In the Maasai community, young girls typically marry men chosen by their fathers. But Alice had a different calling. Through a sponsorship and an unexpected opportunity her brother’s school provided, she was able to get an education and learn about Jesus. It changed her life. He gave her a spirit of courage to follow His calling on her life. Alice said, “I have a task to do. If God has brought me to this level, there is a purpose.”
April 21, 1966 is a day I will never forget. As we enter the 50th year I recall it as a time when God really started to work in my life. That day I was in Mary Hitchcock Hospital in Hanover, New Hampshire to have a huge brain tumor removed. Although the tumor proved to be benign, I suffered a great deal of physical damage which dramatically changed my life. I was only 11 years old at the time.
My growing up years were very good but my family was extremely poor. My home was 10 miles outside of Manchester, New Hampshire and my father worked in the mills there. When he got out of the Navy after World War II he worked at several jobs that were going no-where. He married my mother in 1949 and over the next 14 years six of us kids were born to them. Dad went to college in 1959 and graduated in 1963. He became a school teacher, then a principal, and things did go somewhat better for all of us after that.
Two things of tremendous importance happened in my life in the early 1960’s. The most vital one was that I got saved through the faithfulness of my mother. Every night she read to us from a Bible book and had devotions with us. The night she read to us about the man who came to see Jesus alone, I received Him as Savior (John 3:1-36). I know it was only a child’s understanding but I really did get saved (I Corinthians 13:11). I am very glad I got saved at that time of life because it would stand me in good stead in the years to come.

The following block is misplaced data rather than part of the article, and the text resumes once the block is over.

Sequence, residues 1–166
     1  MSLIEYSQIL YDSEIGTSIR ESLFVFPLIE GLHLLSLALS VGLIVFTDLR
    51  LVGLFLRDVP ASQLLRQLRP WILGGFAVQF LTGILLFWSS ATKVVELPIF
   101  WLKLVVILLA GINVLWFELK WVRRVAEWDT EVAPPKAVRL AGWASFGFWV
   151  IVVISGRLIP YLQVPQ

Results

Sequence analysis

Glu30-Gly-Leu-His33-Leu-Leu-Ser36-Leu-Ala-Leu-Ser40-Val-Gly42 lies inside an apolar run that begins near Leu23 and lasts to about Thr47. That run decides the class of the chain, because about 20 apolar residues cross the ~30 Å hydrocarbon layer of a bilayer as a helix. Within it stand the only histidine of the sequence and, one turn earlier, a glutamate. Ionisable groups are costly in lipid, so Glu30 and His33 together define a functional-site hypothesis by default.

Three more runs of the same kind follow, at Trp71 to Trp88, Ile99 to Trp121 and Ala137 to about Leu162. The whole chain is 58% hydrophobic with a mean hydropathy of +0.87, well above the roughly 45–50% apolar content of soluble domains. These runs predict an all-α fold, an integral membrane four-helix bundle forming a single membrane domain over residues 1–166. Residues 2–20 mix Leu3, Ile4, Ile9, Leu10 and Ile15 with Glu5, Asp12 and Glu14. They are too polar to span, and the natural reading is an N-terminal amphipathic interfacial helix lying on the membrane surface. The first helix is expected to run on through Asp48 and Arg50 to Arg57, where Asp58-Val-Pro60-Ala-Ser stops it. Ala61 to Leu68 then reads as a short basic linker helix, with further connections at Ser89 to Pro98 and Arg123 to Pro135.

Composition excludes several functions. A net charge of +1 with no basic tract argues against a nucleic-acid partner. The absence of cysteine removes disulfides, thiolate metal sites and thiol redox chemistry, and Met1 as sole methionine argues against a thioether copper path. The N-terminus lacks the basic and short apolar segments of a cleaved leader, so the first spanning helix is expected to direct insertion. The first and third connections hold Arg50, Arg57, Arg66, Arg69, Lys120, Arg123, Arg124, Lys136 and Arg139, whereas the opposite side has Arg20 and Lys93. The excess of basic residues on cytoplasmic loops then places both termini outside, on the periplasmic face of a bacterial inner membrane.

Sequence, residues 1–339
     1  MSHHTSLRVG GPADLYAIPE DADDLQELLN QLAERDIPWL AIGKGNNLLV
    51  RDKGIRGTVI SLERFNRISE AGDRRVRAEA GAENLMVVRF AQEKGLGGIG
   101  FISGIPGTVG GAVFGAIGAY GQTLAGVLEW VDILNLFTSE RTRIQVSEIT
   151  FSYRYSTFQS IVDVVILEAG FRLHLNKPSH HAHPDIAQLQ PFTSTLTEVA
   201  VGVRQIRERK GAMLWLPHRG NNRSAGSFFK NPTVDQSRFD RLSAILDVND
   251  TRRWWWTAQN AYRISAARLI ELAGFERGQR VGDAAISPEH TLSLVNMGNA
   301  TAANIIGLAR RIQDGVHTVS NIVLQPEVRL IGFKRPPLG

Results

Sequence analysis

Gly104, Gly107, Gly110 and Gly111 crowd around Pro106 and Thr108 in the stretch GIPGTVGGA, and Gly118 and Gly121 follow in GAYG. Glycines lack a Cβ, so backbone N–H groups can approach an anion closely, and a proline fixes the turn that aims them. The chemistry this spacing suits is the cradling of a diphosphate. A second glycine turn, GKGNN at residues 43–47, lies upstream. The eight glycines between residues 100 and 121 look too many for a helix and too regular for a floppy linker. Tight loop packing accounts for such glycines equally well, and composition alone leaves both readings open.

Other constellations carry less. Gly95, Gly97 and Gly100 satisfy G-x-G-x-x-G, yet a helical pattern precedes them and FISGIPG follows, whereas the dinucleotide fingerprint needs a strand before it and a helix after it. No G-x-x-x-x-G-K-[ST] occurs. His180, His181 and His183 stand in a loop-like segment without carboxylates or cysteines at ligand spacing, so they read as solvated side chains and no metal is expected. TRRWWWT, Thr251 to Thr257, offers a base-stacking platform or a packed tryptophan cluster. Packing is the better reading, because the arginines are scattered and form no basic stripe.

The other thing was: Baseball. I was watching a game on out battered T.V. set when I was about seven years old and didn’t even understand the rules of the game. We got only two stations. One out of Boston and one out of Manchester. It was the Red Sox and some other team. The batter hit a lazy fly ball to center field and it was caught easily (a “can of corn” in baseball lingo). I couldn’t understand why the batter was out because he hit the ball but I quickly mastered how to play the game. I fell in love with the Boston Red Sox that day and started a lifelong hobby that is still with me even now. This brain child of Abner Doubleday had become an integral part of my life.
Little League was a wonderful opening for me. Because we were located so close to Manchester, we had a large pool of boys and a major and minor league. I was on a minor league team my first 2 years. The first year we lost all of our eight games and I only got up three times. The second year, however, I was an all-star second baseman. I batted third or fourth in the lineup and everyone said there was no way I would not make the major league that next year. They had real dugouts, a scoreboard and concession stand.
Something happened, however, on the way to the majors the next April at tryouts. Lights were flashing before my eyes and my movements were herky-jerky. We didn’t know it then but a huge tumor was growing inside my brain cavity. It was centered in my cerebellum but it pushed out and got mixed up in my optic nerves. I lost the sight in my left eye and my motor movement skills were greatly damaged. My batting average fell well below 200 and that whole 1965 season was a complete disaster. As I had the operation the next year it not only almost killed me but left me legally blind today.
My comeback attempt in 1967 was also a failure. A right handed batter has the left eye facing the pitcher directly. I could no longer pick up the balls as they same in and I could no longer make the contact I used to. My fluid motion at second base was also gone and the hit balls would come off the turf like rockets and bounce off of me as I tried to field them. I was the only player cut from the Babe Ruth tryouts that year and that hurt so badly-I cried. Please read about an old Boston Red Sox outfielder Tony Conigliaro and what happened to him on August 18, 1967. I completely identified with poor Tony and his comeback attempts.